The collaboration and dedication exercised by national and international institutions, artists and researchers represent a primary condition for applying the potential of cooperation for the benefit of the public through scientific study of the creative arts. The second issue of Uránia represents an example of a “total win”. The journal takes an interdisciplinary approach to presenting a diverse and extensive range of educational and research activities at the University of Theatre and Film Arts and its partner institutions, simultaneously catering for educational and institutional needs and social “orders”.
Géza Balázs, in his study The Ancient Genres of Verbal Art – Simple Forms and Instinctive Manifestations, builds on linguistic foundations. This paper takes us back to the past of our tools of expression, to the world of ancient verbal gestures and archetypes. These ancient gestures, simple forms, primary genres and primal art forms unconsciously influence our everyday behaviour and shape our artistic expressions and our language of music, dance, film, and the stage.
In their study Reception Studies in the Sociology of the Theatre – Directions and Possibilities of Research, Enikő Sepsi and Attila Szabó present the state of Hungarian research in the Sociology of Theatre and Theatre Reception. They describe the STEP project (the Project on European Theatre Systems), an international study on the Sociology of Theatre, examining the differences in audience experiences and attitudes in four European countries, including an assessment of the personal and social relevance of the performances, in addition to describing the methodology and general results.
In his essay The World of Theatre in a Time of Change – Before, During and After the Pandemic, Péter Szitás focuses on the effects and challenges of the coronavirus pandemic by presenting the internal processes that characterise the operation of theatre institutions. The study draws conclusions on how the venues reacted to the forced closure, what measures they took to maintain their previous position, and whether they acquired knowledge at institutional level that may provide valuable and applicable solutions for cultural leaders in the long term.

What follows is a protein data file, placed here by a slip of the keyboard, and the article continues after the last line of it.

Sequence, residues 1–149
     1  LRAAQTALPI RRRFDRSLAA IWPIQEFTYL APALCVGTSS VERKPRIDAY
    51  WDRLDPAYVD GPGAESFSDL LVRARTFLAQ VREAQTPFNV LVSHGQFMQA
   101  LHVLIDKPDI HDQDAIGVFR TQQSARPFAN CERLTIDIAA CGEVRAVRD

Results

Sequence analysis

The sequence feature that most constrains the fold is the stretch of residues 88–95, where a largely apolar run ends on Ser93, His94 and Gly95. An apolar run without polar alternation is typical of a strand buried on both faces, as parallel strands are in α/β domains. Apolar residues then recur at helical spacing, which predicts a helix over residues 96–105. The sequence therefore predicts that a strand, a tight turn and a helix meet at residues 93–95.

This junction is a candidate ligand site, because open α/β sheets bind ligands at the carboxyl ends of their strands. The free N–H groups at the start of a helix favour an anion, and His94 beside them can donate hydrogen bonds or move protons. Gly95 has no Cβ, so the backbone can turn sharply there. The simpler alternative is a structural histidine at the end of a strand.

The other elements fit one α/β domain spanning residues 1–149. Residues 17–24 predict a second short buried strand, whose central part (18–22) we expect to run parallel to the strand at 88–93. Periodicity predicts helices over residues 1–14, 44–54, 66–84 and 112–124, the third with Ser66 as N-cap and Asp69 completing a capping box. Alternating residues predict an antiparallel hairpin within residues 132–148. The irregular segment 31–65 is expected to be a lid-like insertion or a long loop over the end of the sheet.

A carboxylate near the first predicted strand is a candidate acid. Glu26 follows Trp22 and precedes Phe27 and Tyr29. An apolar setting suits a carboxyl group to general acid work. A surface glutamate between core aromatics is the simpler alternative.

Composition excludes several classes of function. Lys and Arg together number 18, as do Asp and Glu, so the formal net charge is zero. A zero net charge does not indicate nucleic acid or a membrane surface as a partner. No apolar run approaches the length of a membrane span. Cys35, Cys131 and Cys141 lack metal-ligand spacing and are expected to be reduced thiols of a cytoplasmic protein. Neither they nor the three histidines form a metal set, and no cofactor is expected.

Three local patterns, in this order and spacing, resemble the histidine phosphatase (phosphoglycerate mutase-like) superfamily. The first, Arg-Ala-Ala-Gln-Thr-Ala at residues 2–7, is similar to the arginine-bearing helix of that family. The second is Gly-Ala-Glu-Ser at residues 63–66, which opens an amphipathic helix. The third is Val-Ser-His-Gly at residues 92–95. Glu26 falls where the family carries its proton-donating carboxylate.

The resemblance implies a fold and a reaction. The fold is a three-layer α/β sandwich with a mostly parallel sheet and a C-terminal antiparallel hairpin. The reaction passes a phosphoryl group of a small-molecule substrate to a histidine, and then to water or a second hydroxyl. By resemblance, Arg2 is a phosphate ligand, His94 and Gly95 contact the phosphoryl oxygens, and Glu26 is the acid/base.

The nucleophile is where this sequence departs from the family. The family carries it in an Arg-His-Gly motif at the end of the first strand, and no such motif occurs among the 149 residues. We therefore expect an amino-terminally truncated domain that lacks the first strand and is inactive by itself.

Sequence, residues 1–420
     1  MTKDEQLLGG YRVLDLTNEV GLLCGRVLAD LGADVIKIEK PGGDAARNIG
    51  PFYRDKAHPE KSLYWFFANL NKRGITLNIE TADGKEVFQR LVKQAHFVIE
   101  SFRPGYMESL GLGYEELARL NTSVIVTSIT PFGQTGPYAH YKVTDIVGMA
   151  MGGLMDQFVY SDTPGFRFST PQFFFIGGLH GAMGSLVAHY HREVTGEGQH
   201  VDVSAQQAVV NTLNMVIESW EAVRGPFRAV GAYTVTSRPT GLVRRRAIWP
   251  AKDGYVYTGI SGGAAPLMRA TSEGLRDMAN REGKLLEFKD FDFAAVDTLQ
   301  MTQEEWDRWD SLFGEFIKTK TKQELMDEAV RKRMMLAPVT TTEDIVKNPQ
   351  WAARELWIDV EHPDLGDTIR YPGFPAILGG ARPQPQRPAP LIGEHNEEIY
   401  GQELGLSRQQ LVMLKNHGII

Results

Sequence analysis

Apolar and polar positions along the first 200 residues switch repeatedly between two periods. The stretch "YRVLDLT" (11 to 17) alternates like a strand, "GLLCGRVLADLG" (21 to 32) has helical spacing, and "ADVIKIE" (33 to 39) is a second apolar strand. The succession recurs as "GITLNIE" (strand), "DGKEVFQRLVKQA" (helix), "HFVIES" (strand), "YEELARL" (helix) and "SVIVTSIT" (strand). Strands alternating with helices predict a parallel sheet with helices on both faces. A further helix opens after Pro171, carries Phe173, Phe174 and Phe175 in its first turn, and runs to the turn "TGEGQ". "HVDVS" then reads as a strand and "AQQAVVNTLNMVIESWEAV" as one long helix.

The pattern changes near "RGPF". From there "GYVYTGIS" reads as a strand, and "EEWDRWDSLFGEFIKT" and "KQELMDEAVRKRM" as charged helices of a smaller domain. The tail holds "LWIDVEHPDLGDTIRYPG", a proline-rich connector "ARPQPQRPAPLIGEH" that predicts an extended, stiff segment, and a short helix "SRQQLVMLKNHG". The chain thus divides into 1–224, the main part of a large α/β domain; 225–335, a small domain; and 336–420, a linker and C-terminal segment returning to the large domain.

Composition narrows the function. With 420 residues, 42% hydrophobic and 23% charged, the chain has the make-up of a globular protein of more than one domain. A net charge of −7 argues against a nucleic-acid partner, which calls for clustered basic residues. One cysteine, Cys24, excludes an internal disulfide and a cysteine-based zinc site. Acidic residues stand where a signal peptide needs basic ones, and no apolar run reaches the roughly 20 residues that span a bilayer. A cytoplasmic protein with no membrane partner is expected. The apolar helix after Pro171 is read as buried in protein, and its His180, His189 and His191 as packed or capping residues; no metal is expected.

Zsolt Antal, in his study The National Character of Hungarian Culture – Challenges in the New Media Space, draws attention to the complementary role of cultural institutions in providing public service information. The author’s aim is to raise awareness and encourage cultural institutions to make better use of the opportunities offered by the new media space, in order to attract the same attention with internet-based digital platforms as they do with traditional media platforms.
The main objective of András Pataki’s essay Understanding Through Experiencing – Some Thoughts on Theatre Pedagogy is to consider the possibilities and tasks of theatre and education. The author recommends rethinking the system of training and employment of professionals in the field of education, developing the necessary infrastructure and making school education more flexible. He does this with the intention of developing an effective and operational structure of theatre education in public education in the future.
Last but not least, a biographical interview was published with 77-year-old Theodoros Terzopulos, a leading figure in Greek and international theatre, a theatre company director, an innovator of theatrical form and one of the founders of the International Theatre Olympics. The Greek master maintains that only by practising theatrical rites can we return to the spirit of the ancient tragedies. To achieve this, he developed and published his theatrical method, called The Return of Dionysus, which will soon be available in Hungarian and published by the University of Theatre and Film Arts.
1 Szabó György. 2012. „Az együttműködés természete.” In Magyar Tudomány 6, 642. Budapest: Akadémia Kiadó.